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NADA Miami 2021

JDJ is thrilled to be exhibiting at NADA Miami 2021.

The centerpiece of the booth will be a wallpaper installation by Barrow Parke designed around a selection of work by the gallery’s artists. Exhibited artists include Noel W. Anderson, Barrow Parke, Barnett Cohen, Heather Guertin, Lucia Love, Sharon Madanes, Nico Stone, Samantha Rosenwald, and Shino Takeda.

Noel W. Anderson explores the relationship between the formation of Black identity as socially constructed through images from American media.

Each work starts with a found image which Anderson digitally manipulates—mirroring, inverting, cropping or otherwise distorting it before it is reproduced as a tapestry using a digital jacquard loom. The fabric is then physically altered—bleached, dyed, stained, picked apart thread by thread.

Noel W. Anderson
untitled new work, 2021
Bleach, dye, laser-cut basketball leather, photographic object, flower, resin on distressed, stretched cotton tapestry
54 x 47.25 inches

Noel W. Anderson
untitled new work, 2021 (detail)
Bleach, dye, laser-cut basketball leather, photographic object, flower, resin on distressed, stretched cotton tapestry
54 x 47.25 inches

Noel W. Anderson
Slant, 2021
Basketball leather and photographic object on distressed, stretched cotton tapestry
11.8 x 10 x 2.5 inches

Noel W. Anderson
In-flame-d, 2020
Bleach on distressed, stretched Jacquard tapestry
16 x 12 inches

Barnett Cohen’s collaged stickers on canvas works act as constellations of contemporary mark making.

They chronicle the vast array of language, imagery, and sentiment as it moves through public space. Both his object-based practice and his performances examine the way macro and micro events in contemporary society affect our language and interior thoughts.

Barnett Cohen
january 5 2021, 2021
Stickers, UV polycote and acrylic liquid polymer on canvas
29 x 33 inches

Barnett Cohen
september 8 2021, 2021
Stickers, UV polycote, acrylic liquid polymer on canvas 44 x 18 inches

Heather Guertin's abstract paintings are grounded in observation, and the sensibility that a deeply imaginative expression lies latent within it.

The genesis for her newest body of oil paintings begins as a series of collages she creates from the pages of scientific journals, discarded books and magazines. Guertin uses these collages as a guide, translating the colors, textures, and forms from these found images into a pictorial language that she combines to ecstatic and exuberant effect.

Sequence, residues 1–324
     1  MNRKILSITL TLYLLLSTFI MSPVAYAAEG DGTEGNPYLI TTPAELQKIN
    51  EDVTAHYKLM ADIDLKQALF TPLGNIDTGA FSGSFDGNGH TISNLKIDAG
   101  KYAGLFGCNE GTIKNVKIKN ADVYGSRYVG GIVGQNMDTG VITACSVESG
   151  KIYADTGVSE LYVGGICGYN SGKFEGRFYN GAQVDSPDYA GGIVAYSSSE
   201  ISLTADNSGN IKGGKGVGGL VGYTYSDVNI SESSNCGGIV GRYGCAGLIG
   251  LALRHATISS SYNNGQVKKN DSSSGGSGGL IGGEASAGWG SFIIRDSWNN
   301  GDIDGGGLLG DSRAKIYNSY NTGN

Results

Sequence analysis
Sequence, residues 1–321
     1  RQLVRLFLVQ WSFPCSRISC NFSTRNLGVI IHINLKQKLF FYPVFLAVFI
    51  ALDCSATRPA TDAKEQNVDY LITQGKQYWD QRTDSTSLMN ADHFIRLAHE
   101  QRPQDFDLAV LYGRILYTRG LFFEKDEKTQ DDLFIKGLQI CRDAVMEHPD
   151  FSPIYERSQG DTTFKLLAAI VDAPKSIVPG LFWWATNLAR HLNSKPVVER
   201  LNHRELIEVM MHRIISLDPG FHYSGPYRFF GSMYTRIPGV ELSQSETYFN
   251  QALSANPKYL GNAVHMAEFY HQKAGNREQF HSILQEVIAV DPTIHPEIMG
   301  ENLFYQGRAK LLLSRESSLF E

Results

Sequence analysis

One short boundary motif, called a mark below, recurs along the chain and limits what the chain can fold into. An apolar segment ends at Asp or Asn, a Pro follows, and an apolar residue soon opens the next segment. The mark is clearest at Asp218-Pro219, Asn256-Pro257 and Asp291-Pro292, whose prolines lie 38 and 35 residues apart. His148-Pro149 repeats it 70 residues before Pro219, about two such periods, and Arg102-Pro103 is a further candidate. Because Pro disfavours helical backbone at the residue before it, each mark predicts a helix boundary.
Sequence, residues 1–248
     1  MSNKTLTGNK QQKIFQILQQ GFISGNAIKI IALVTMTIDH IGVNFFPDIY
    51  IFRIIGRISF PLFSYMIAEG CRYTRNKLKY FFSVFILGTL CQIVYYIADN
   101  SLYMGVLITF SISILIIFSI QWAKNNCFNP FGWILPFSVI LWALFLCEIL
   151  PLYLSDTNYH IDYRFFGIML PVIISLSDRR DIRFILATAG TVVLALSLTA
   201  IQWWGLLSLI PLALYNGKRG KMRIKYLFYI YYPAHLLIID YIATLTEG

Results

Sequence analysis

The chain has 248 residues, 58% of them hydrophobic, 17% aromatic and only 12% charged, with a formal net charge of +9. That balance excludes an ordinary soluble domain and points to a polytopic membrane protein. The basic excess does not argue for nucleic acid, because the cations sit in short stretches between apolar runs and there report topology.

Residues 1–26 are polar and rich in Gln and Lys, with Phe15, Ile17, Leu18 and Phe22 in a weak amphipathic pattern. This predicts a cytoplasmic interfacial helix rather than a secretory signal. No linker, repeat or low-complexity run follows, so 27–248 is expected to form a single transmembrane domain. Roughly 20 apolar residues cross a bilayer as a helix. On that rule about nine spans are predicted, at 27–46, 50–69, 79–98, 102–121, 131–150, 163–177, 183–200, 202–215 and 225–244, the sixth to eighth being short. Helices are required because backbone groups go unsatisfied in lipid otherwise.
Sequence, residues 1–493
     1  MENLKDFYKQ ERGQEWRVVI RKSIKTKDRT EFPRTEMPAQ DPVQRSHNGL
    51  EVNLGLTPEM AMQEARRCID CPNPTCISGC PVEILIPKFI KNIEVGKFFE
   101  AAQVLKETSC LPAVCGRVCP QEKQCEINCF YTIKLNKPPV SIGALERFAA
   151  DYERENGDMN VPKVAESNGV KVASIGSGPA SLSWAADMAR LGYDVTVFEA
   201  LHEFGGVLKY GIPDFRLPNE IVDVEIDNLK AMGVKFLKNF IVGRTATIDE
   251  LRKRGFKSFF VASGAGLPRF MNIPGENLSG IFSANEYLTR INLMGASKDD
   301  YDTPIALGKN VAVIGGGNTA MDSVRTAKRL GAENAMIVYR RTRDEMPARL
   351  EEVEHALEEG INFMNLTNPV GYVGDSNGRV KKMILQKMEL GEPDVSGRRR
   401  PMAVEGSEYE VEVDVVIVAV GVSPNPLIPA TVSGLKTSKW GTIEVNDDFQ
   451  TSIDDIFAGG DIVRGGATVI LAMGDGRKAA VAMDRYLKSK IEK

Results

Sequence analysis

Heather Guertin
Four Legs, 2021
Oil on canvas
36 x 30 inches

Heather Guertin
Four Legs, 2021 (detail)
Oil on canvas
36 x 30 inches

Heather Guertin
Neon Angel, 2021
Oil on canvas
36 x 30 inches

Heather Guertin
Shell Burst, 2021
Oil on canvas
36 x 30 inches

Heather Guertin
Shell Burst, 2021 (detail)
Oil on canvas
36 x 30 inches

Lucia Love's visually rich paintings are loaded with symbolic references to art history, mythology, politics, and the dynamics of power.

Her unusual painting style is well represented here—particularly her ability to incorporate multiple techniques, such as hyperrealism, brushy gestures, and a flat, cartoonish line into cohesive and dynamic compositions.

Lucia Love
Raphael, 2021
Oil on canvas
48 x 36 inches

Lucia Love
Delicate Touch, 2021
Oil on canvas
48 x 36 inches

Sharon Madanes is a painter and doctor who transforms banalities of hospital life into bold, highly saturated scenes.

Her paintings juxtapose the institutional setting of her work with the matters of life and death.

Sharon Madanes
Waiting II, 2019
Oil on linen
30 x 30 inches

Sharon Madanes
Workroom at Dusk, 2021
Oil on canvas
72 x 56 inches

Barrow Parke's practice explores the logic of weaving and its relationship to visual and digital systems, most often with their paintings on hand-loomed and embroidered fabric.

Barrow Parke
Artemis, 2021
Acrylic and embroidery on hand-woven fabric
28.25 x 22 inches

Barrow Parke
Great Blue Heron, 2020
Acrylic and embroidery on hand-loomed linen
23 5/8 x 17 3/4 inches

Samantha Rosenwald uses colored pencil to create highly detailed, darkly humorous paintings that speak to commodification, complexities of identity and the volatility of the female experience.

This work explores the complexity of disidentification, a protective mechanism in which one rejects specific personal characteristics in order to insulate oneself from a potential threat or anxiety created by external forces.

Samantha Rosenwald
Redrum, 2021
Colored pencil on canvas
17 x 17 inches

Samantha Rosenwald
La Cuevita, 2021
Colored pencil on canvas
20 x 18 inches

Nico Stone’s paintings combine drawing, silkscreen, abstraction and representation in surprising ways.

Digital drawings are enlarged and energetically transferred to the painting’s surface atop translucent layers of color. The irregularities that occur during the process of translation become an integral part of the composition. The resulting paintings create a visual phenomenon that appears as though recognizable images are dematerializing into abstraction.

Nico Stone
Night Vision, 2021
Acrylic on panel
60 x 48 inches

Shino Takeda’s ceramics embody her sensory experience and thoughts.

Expressed through color, texture and pattern, her work is inspired by her upbringing in Japan and her home in New York. The colorful glazes that Takeda applies to her hand-built ceramics are inspired by her life, a sort of diary of her moods and thoughts expressed through color, texture and pattern.

Shino Takeda
Passage, 2021
Raku-fired ceramic, Japanese lacquer, 24 carat gold
9.5 x 9.5 x 7.75 inches

Shino Takeda
Poppies and Summer Sky, 2021
Glazed ceramic
9.25 x 9.25 x 8 inches